Ed Gray's got the powder keg prepared, and he's ready to set it ablaze. That is, through his blistering country-rock songs – sort of like a rougher Silver Jews – he's on the attack against his enemies. His voice wails and spits with hurt and rage. On the first song, "Surving You Never," he's setting forth the tone: "hello you dumb motherfuckers…" Later, in a completely pleasant, peaceful tone he sings, "You are a hurricane / and you'll be the death of me." Yet it's not all anger poetry from a singer and his guitar alone, though the mood is always dark; Gray's songs get sonic depth from Tiffany Kowalski on violin and Jonathan Crawford on forceful drums, kitchen-sink percussion, and organ. The violin doesn't so much soothe his pain as make it prettier to listen to, rounding out the package. – dave heaton

Robin Guthrie, Everlasting EP (Darla)

The companion piece to Robin Guthrie's multidimensional instrumental album Continental is this EP, which is 17 minutes of absolute bliss. Four songs that each transcend expectations, and transcend any feeling that we're attached to this earth or that there's limits to what's possible. "Bordertown" opens Everlasting in a smashing way, with guitars building as intensely as in any rock song, but in service of a synthesizer-driven feeling of lift-off, of hope. "A Sigh Across the Ocean" and "Fountain" take a moodier approach, but are filled with subtle and depth, the latter song lifting up with anticipation as it moves forward. "Everlasting" closes the EP out on a note of grace, layers of sound moving peacefully together in a dreamlike state, building to an excess of beauty at the end. Each song is compact, with every note and sound in service of a particular mood, yet each song also opens up like the sky, revealing so much. – dave heaton

Hezekiah Jones, Hezekiah Says You're A-OK (Yer Bird)

What is it about a solitary guitar and one singer's voice that can so easily conjure up a vivid feeling, tangible and moving? Or at least it can when the singer/songwriter in question has a true knack for such things, as Raphael Cutrufello, singer/songwriter for Hezekiah Jones clearly does. "Agnes of the World," the first song on Hezekiah Says You're A-OK is one such solitary jewel, his singing and playing immediately time-stopping. At first his lyrics seem oblique, but then it hits that he's pondering where someone from his past ended up: Agnes of the world / where have you landed?" Other songs throughout the album are even more delicate and lovely-sounding, while just as good at containing a particular emotion, scene, or story….and doing so in a not-so-ordinary way, more subtle and less simplistic than many of his peers. "Albert Hash" tells a common tale (working man turns to drink due to life's hardness) in an uncommon way, almost resembling a bedtime story in some way. "Postpone" is a beautiful folk ode to a departed lover. "Nothing's Bound" matches that same description, actually, though it has its own distinct feeling about it. Which is the general charm of this album, I suppose, that every song makes its mark on you, in its own way, even as they all hang together stylistically under one enchanting mood. Every time I listen another lyric stands out for the first time, yet every time I listen Cutrufello's voice and the overall atmosphere – sad yet sweet – is also instantly comforting. – dave heaton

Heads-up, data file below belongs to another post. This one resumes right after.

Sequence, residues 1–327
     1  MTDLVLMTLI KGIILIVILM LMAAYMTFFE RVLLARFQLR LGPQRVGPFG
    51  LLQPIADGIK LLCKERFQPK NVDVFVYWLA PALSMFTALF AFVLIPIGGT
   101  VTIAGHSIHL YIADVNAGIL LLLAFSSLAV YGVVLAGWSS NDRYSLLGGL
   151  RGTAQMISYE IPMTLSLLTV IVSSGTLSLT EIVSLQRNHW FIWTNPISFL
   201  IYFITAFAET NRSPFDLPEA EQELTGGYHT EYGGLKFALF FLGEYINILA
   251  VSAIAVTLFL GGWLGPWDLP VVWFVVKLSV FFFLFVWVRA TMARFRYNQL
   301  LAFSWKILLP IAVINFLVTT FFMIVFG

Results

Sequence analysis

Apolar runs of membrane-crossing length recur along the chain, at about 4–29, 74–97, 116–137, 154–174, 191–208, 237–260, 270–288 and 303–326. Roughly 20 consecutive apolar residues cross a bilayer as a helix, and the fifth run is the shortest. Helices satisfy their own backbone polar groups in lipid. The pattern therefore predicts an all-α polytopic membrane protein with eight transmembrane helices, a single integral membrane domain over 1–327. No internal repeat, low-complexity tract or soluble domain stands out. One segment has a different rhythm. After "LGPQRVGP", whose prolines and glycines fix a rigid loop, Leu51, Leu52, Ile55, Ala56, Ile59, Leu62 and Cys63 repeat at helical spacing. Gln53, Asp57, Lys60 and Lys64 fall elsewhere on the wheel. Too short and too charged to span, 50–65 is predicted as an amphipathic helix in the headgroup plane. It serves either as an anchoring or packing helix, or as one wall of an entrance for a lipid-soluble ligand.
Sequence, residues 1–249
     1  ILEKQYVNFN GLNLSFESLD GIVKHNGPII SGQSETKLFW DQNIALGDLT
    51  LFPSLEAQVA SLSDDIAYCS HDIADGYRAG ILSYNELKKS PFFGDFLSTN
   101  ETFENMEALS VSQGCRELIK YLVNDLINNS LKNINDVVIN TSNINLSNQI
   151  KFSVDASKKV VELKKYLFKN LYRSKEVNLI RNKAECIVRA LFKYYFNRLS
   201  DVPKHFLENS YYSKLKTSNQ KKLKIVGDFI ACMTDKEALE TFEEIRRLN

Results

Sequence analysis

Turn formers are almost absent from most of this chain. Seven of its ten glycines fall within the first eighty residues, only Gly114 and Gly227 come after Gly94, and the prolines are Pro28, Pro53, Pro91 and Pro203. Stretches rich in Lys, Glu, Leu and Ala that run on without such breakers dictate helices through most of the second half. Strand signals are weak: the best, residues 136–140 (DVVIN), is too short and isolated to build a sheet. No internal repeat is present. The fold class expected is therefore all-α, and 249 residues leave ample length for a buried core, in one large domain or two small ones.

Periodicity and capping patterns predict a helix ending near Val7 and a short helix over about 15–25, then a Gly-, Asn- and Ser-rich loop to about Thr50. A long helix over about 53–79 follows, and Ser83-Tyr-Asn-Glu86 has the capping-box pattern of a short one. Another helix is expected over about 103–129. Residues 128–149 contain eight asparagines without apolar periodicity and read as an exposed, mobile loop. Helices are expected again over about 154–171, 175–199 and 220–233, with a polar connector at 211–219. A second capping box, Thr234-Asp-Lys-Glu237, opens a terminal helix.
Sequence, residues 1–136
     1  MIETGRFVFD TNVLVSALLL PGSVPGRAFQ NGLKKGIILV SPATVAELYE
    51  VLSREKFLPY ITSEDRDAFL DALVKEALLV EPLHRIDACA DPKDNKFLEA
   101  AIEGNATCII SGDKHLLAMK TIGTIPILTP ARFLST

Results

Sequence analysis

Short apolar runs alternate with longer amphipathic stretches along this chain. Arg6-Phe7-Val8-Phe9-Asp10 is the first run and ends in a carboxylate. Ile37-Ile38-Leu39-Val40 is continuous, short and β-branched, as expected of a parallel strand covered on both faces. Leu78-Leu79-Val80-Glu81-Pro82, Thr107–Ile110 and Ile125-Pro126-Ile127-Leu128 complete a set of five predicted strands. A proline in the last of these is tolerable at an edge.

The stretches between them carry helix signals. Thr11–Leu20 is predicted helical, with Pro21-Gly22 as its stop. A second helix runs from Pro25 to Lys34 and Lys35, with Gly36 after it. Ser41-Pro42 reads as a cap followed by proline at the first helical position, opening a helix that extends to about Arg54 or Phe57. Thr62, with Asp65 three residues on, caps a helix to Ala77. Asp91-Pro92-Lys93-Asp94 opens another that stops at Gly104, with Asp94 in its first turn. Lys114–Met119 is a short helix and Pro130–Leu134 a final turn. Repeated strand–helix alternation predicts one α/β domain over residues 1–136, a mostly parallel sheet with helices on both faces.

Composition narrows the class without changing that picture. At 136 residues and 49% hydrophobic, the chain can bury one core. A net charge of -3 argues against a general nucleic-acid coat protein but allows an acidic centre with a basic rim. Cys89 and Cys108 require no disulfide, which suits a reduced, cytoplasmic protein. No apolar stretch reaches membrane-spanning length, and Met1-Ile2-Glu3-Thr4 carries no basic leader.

Nire, My Father's Record Player (OIC)

Nire's My Father's Record Player EP was recorded in winter and spring 2006, but its demeanor recalls winter more than spring…or, that is, it's solitary, spare setting makes me imagine the duo holed up in an attic somewhere in the middle of winter, singing songs to create warmth, or at least a "Static Glow", as one song is titled. Nire is Erin Morgan, on piano and casiotone, and Josh Hinton, on acoustic guitar. Both sing, and sing nicely together; the minimalist setup fits these songs, which are generally quiet and introspective. "Slow This Down," the first song is titled, and that's the tone of all 5 songs: "I just want to slow this down / I just want to make this feeling stay / forever." Each resembles a whisper, and a careful one at that. It's music that pulls you into the speakers and offers you a blanket. It's warm and inviting. – dave heaton

Grant-Lee Phillips, Nineteeneighties (Zoe)

Nineteeneighties is an album of covers featuring some memorable college rock favorites from The Pixies, The Church, R.E.M., and The Smiths. Grant Lee Phillips (former lead singer for Grant Lee Buffalo) does not desecrate these holiest of holy indie hymns; instead he tweaks the songs just a bit with a warm voice and a carefree acoustic style. "Wave of Mutilation" opens the album, and it is nothing like the U.K. Surf version because Phillips has given the track a country flavor with some steel guitar. From there, Philips successfully tackles New Order and Joy Division with "Age of Consent" and "The Eternal." Echo and the Bunnymen’s ‘The Killing Moon’ and The Church’s ‘Under the Milky Way’ are featured and Phillips really shines on these two covers, but the best track on the album is Phillips take on R.E.M.’s ‘So. Central Rain (I’m Sorry)’, which is absolutely beautiful. Other bands covered includeThe Cure, The Smiths, Nick Cave and The Bad Seeds, Robyn Hitchcock, and Psychedelic Furs. Nineteeneighties is an impressive effort by Phillips, because every song is given a slight makeover yet he stays true to the music and does not do anything in an overindulgent manner. Cover albums can be hit or miss, but Nineteeneighties by Grant-Lee Phillips is a must-own for those looking for a college radio flashback. – tony doug wright

Sprites, Modern Gameplay (Darla)